What Matters in Hollywood Today

7:18 AM 8/11/2017

by THR Staff


Happy Friday: NBC launched Weekend Update (and Bill Hader's The Mooch) into a crowded late-night field. Plus: Michael Moore hits Broadway, HBO suffers a setback in a lawsuit over a John Oliver segment and The Walking Dead creator is moving from AMC to Amazon. — Matthew Belloni, Erik Hayden and Jennifer Konerman

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  • Steep Climb for 'Update'

    Courtesy of NBC

    Last night, Michael Che and Colin Jost hosted NBC's Weekend Update debut, a summer half-hour showcase that feels predictably padded, critic Daniel Fienberg writes in his review:

    NBC is following up a resurgent season of Saturday Night Live with several weeks of what is being branded Weekend Update Summer Edition is a bit like like a restaurant celebrating the success of its tableside guacamole by serving patrons big bowls of cilantro. Some people like cilantro and think it adds a lot to dishes. Some people have a visceral hatred for cilantro and think it tastes like soap. But nobody came to the restaurant just for the cilantro.

    I'm sure there are people whose favorite part of SNL is Weekend Update and who don't watch Last Week Tonight with John Oliver, The Daily Show, Full Frontal with Samantha Bee, The Jim Jefferies Show, Late Night with Seth Meyers or any of the other myriad late-night offerings that have already made the exact same jokes about Donald Trump goading North Korea into nuclear war, the new conservative vendetta against the Statue of Liberty and more. And this show is for those people!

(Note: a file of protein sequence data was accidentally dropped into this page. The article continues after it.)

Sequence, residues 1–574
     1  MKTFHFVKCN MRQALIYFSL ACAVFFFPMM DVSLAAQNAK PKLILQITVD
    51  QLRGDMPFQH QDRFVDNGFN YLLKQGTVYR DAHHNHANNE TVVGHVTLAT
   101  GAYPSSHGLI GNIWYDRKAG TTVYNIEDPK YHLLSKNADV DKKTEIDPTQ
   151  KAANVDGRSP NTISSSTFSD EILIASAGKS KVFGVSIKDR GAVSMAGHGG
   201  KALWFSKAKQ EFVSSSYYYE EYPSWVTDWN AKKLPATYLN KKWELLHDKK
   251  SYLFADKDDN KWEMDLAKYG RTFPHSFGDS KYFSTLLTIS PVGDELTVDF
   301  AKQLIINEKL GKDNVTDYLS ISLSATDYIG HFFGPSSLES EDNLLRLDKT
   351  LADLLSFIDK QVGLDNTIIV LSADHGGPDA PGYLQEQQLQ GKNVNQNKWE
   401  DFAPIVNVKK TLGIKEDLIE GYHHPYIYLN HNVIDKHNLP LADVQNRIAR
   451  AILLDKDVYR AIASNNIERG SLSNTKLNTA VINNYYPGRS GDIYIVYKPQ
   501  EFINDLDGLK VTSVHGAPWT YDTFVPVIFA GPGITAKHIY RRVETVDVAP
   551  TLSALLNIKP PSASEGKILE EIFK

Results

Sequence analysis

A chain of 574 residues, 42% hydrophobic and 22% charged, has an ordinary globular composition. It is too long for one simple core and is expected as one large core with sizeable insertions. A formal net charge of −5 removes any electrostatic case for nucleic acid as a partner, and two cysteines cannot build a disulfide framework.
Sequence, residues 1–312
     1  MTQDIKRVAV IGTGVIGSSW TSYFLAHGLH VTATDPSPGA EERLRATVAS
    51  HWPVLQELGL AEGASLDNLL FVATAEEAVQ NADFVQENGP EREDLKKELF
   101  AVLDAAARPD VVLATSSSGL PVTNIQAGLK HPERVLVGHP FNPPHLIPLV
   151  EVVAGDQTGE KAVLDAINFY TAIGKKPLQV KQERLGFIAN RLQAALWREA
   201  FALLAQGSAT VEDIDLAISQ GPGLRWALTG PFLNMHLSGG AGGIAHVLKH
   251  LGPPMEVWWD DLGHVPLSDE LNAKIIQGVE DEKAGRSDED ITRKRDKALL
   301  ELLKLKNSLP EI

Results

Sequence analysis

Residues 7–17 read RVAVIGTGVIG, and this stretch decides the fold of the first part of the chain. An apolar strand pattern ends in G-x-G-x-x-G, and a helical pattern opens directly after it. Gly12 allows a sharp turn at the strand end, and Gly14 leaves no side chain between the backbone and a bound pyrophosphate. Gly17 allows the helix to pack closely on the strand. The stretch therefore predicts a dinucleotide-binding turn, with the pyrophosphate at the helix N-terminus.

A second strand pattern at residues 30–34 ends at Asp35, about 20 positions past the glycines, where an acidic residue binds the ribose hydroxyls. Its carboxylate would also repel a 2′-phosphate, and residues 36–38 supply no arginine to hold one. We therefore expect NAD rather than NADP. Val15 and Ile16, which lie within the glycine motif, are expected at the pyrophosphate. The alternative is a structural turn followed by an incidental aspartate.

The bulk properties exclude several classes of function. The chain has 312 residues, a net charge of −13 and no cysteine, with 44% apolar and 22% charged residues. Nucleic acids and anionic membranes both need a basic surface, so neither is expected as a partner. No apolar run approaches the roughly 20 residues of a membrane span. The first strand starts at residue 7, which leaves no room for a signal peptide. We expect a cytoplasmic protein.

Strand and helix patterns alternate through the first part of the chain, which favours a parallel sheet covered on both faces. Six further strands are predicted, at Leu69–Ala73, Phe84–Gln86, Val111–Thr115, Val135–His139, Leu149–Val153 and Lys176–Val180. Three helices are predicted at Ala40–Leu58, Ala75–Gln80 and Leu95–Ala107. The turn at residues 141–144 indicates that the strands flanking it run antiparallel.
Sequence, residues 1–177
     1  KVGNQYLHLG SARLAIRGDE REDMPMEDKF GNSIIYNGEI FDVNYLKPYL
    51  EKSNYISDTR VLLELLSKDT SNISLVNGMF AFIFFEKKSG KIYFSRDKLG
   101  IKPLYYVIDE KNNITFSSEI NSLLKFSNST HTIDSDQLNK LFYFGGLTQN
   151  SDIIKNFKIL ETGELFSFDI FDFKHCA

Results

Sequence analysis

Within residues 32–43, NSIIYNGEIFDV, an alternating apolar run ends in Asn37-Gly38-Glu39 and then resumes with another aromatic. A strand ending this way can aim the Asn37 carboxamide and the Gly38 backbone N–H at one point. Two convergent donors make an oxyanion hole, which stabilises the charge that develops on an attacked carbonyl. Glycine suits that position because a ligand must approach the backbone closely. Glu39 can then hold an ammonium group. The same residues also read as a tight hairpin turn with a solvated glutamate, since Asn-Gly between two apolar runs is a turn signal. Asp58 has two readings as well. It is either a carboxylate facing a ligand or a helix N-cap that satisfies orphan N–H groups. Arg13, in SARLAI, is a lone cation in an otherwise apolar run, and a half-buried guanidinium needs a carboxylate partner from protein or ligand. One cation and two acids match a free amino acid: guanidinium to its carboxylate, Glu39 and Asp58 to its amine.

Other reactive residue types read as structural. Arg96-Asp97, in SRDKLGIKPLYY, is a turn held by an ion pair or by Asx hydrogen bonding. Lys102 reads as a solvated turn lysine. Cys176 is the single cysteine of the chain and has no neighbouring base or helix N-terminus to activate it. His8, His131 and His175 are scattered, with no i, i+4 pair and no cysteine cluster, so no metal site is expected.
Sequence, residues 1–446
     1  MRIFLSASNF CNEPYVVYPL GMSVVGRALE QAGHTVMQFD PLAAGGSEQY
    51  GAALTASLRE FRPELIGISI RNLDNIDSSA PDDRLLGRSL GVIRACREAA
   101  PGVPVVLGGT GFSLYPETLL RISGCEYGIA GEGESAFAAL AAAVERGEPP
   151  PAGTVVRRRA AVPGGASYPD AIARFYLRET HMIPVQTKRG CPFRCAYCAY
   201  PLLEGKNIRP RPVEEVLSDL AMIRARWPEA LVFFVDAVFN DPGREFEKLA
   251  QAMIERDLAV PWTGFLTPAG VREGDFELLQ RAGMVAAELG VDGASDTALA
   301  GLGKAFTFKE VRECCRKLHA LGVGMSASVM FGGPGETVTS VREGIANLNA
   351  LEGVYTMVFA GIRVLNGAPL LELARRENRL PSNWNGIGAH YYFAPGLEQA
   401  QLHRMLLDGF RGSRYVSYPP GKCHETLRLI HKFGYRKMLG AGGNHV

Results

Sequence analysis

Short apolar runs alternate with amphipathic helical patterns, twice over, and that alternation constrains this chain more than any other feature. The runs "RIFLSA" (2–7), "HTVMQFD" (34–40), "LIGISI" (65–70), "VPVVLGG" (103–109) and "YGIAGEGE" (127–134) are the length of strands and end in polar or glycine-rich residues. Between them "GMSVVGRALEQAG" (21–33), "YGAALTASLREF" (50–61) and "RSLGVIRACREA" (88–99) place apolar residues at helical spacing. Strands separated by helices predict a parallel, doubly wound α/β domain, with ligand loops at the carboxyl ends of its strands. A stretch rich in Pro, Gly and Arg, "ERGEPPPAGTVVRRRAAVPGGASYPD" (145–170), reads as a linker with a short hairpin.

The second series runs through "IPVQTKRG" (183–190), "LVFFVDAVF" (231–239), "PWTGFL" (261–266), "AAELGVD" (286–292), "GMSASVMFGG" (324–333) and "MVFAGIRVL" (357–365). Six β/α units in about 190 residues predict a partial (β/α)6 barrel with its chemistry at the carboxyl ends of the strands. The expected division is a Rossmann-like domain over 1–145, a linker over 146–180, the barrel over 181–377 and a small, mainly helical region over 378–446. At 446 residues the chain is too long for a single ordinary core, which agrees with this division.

+ Early take: A.V. Club: "But while the jokes were fine, they weren’t especially ambitious, and that’s a problem if Update -and, by extension, SNL - is going to keep up."

    Elsewhere in TV...

    Big deal: Walking Dead creator moves from AMC to Amazon. Robert Kirkman and his Skybound Entertainment company have exited their overall deal with longtime home AMC in favor of what is said to be a sizable two-year overall deal with Amazon Studios.

    ABC Studios inks deal with Ryan Seacrest. The returning host of American Idol has inked a multiyear deal with the network's studio counterpart for his Ryan Seacrest Productions' scripted division to develop projects.

    ► NBC is rebooting The Munsters again. Seth Meyers and Jill Kargman are developing a new take on the sitcom, which originally ran on CBS from 1964-1966. NBC previously tried to reboot The Munsters with Bryan Fuller in 2012.

    Lifetime orders Jenji Kohan's American Princess. The network handed out a straight-to-series order for the drama, from the Orange Is the New Black creator that follows a socialite who runs off to join a Renaissance Faire.